The Importance of Rotator Muscles in Cycling

While major muscle groups like the quadriceps and hamstrings receive much attention, the rotator muscles, particularly those in the shoulders and hips, are often neglected. The rotator cuff muscles in the shoulder and the hip rotators are vital for maintaining stability and proper alignment during cycling.

Neglecting these muscles can lead to instability and poor biomechanics, increasing the risk of injuries such as shoulder impingements and hip bursitis. Research highlights that strengthening the rotator muscles can improve joint stability and reduce injury risk . Chiropractic care ensures proper joint alignment, while specific rehab exercises, such as internal and external shoulder rotations with resistance bands and hip rotation exercises, enhance muscle strength and endurance.

The VMO: Historically Overemphasised in Knee Injury Prevention

The vastus medialis oblique (VMO) muscle, part of the quadriceps group, has historically been emphasised in knee injury prevention. While the VMO is crucial for stabilising the patella, excessive focus on this muscle can lead to neglect of other critical muscles around the knee and hip.

Modern research advocates a holistic approach to knee health. A study published in the Clinical Journal of Sport Medicine found that balanced strength and flexibility throughout the kinetic chain are more effective in preventing knee injuries than focusing solely on the VMO . Chiropractors can ensure proper knee alignment, and bespoke rehab exercises can include a comprehensive strengthening program. This program should address the hamstrings, hip abductors, and core muscles to ensure balanced muscle development and optimal knee function.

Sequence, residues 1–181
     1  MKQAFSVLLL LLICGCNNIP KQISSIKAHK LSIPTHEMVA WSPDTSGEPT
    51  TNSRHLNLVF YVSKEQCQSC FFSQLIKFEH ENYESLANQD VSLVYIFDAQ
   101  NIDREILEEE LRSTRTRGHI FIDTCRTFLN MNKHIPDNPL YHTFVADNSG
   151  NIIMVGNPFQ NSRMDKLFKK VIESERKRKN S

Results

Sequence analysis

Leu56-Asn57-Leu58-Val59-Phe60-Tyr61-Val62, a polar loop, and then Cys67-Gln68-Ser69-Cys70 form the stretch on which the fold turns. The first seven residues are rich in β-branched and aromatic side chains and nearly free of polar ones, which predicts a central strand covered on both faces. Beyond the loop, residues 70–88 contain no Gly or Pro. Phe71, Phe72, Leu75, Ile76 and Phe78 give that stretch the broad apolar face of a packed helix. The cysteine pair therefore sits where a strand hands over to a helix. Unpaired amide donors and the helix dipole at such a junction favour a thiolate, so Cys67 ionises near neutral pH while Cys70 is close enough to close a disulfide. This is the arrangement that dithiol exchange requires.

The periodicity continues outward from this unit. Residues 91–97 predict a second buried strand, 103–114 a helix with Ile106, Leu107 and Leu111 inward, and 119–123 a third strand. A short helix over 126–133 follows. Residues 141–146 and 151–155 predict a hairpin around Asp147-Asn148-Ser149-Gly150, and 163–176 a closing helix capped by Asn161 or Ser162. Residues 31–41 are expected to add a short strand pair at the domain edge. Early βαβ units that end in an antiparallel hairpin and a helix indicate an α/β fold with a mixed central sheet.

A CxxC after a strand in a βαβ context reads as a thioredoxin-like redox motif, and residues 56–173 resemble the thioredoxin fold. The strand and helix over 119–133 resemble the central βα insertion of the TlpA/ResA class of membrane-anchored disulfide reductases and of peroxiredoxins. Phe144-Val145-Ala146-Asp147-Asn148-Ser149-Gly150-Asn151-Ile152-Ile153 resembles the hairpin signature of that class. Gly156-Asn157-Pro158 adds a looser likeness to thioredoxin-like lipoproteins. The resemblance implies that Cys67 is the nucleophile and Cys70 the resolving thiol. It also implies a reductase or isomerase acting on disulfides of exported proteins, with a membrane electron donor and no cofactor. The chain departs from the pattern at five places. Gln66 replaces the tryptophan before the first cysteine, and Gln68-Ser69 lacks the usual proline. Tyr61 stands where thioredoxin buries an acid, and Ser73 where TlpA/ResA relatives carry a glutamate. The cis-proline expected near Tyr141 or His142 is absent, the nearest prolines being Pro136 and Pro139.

Integrating Chiropractic Treatment and Bespoke Rehab Exercises

Integrating chiropractic treatment with bespoke rehabilitation exercises offers a robust approach to injury prevention for cyclists. Chiropractic adjustments ensure proper alignment and joint function, while customised rehab exercises address specific weaknesses and imbalances. This combination helps create a balanced, strong, and resilient body capable of withstanding the demands of cycling.

By addressing issues such as leg length discrepancies, weak hips, and neglected rotator muscles, and by adopting a holistic approach to knee health, cyclists can enhance their performance and reduce the risk of injuries. Whether you’re a competitive cyclist or a recreational rider, incorporating these strategies into your routine can help you stay healthy and enjoy the ride.


  1. Study on power output loss due to leg length discrepancies (Journal Source).

  2. Detailed analysis of biomechanical imbalances from LLD (Research Source).

  3. Chiropractic treatment impact on LLDs (Journal of Chiropractic Medicine).

  4. Hip abductor weakness and overuse injuries (American Journal of Sports Medicine).

  5. Effectiveness of hip strengthening exercises (American Journal of Sports Medicine).

  6. Importance of rotator muscle strength (Research Source).

  7. Holistic approach to knee injury prevention (Clinical Journal of Sport Medicine).